The Elk Grove city staff is in the planning stages of a potential, multi-use development on a 20-acre property north of District56 – formerly known as the civic center.
This development, planned for the corner of Elk Grove and Big Horn boulevards, may include retail, dining, entertainment, and office and residential space, as well as a hotel.
During an Oct. 1 public meeting to present concept plans and gather community input, Darrell Doan, the city’s economic development director, described the project as a unique opportunity for Elk Grove.
“(The project) would give our residents a new type of neighborhood to patronize, with great bars and restaurants and movies and great shopping and fantastic public spaces that you see in other suburban environments that we simply lack,” he said.
“And then also, we think it will act as a regional attractor, because we know that a lot of our residents leave the city to shop at these kinds of shops. So, it just makes sense to put them here and keep our residents in town, spending their money here.”
Doan also referred to the project as an important economic-development tool.
“We want to attract companies that employ our residents, but increasingly those companies are looking for these kinds of environments.”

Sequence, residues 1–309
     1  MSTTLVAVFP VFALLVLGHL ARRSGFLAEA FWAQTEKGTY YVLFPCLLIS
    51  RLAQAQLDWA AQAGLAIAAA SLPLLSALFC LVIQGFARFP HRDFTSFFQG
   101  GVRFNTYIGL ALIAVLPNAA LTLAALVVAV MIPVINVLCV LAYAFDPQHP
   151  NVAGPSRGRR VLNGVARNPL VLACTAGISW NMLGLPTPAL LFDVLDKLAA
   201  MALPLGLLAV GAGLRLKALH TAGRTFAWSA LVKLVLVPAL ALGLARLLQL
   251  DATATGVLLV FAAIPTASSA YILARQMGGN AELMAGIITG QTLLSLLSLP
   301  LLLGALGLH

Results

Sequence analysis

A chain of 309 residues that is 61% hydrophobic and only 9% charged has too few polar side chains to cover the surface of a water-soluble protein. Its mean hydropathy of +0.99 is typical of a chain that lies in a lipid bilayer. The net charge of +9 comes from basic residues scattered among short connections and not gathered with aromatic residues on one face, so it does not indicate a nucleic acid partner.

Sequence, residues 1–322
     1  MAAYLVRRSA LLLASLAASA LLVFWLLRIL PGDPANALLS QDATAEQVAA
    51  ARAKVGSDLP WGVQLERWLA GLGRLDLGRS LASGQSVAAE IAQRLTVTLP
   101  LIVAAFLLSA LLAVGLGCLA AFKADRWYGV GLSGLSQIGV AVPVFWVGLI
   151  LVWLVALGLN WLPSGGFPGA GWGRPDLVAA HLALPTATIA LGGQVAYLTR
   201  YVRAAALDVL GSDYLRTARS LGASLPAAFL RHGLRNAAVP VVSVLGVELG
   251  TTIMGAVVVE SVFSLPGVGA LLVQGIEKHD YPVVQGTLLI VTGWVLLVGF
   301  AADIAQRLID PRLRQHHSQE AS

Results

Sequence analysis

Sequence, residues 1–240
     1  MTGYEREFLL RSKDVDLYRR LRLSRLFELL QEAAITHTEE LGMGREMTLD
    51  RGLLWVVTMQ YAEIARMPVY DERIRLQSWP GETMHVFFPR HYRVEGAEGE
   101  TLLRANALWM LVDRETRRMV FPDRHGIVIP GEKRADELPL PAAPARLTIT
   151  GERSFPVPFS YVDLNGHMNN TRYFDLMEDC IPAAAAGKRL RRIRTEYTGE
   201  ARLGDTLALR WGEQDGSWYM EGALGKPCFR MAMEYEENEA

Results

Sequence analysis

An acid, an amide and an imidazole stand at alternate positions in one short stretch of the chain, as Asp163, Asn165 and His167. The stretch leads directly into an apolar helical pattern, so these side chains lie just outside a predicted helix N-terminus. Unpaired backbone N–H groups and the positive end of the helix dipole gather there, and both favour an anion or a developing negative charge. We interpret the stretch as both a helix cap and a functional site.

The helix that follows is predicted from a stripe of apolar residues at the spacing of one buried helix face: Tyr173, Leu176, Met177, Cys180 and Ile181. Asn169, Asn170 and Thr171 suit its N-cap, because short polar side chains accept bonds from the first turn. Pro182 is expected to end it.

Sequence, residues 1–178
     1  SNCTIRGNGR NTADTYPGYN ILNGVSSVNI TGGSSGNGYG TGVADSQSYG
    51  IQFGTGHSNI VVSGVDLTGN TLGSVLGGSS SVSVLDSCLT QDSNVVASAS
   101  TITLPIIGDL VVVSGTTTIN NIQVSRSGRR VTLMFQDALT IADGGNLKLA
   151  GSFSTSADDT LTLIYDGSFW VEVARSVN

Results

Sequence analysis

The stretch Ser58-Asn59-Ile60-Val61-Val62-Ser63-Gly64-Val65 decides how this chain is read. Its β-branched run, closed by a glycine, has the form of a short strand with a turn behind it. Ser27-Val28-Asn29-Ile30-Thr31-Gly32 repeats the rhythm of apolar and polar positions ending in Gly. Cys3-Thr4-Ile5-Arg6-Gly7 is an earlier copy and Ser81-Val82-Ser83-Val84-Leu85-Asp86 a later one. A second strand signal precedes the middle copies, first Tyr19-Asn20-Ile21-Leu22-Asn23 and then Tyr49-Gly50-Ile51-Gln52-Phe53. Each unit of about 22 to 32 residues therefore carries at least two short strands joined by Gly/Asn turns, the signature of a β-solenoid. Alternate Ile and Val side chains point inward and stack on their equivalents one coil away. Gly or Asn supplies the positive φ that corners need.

As for the residential component of the project, Doan believes that many people would be attracted to live in such a place.
“I think a lot of people would like to live in this kind of environment – leave your apartment in the morning, go downstairs, have a cup of coffee at a great, local coffee place, and go to work around the corner. A true live-work environment.”
The project would also allow people to spend more time out of their cars, Doan noted.
“You need that density and that critical mass of activity to make it a site that becomes more convenient to park and walk, or just take your bike there and walk there, than it is to bring a car in,” he said.
Christopher Jordan, the city’s director of strategic planning and innovation, told the Citizen that the city is seeking ideas on the type of development, retail experience, housing and employment that would occupy the property.
Jordan added that the approach is to create a place that builds off District56, which features various public amenities, including a community center, a veterans hall, a senior center, a public library, and a children’s museum. The project’s aquatics center opened in May.
“This needs to be a plan that is rooted in the Elk Grove character, and everything we’re starting to build off of here is to do that,” he said. “And we’re looking at other projects, as well, for inspiration. We talked about a project from Georgia that’s in a suburban community outside of Atlanta that is similar in a lot of respects to Elk Grove. We’re looking at places in suburban Virginia (and) suburban sites in Texas.”
Also being studied for ideas in the Sacramento region is the Fountains shopping center in Roseville.
During the meeting, three different concept plans for the site were presented for public review.
Like the majority of the attendees who spoke to the Citizen following the meeting, east Elk Grove resident Sean Witt is excited about the project and prefers Concept No. 2, which features a central gathering space.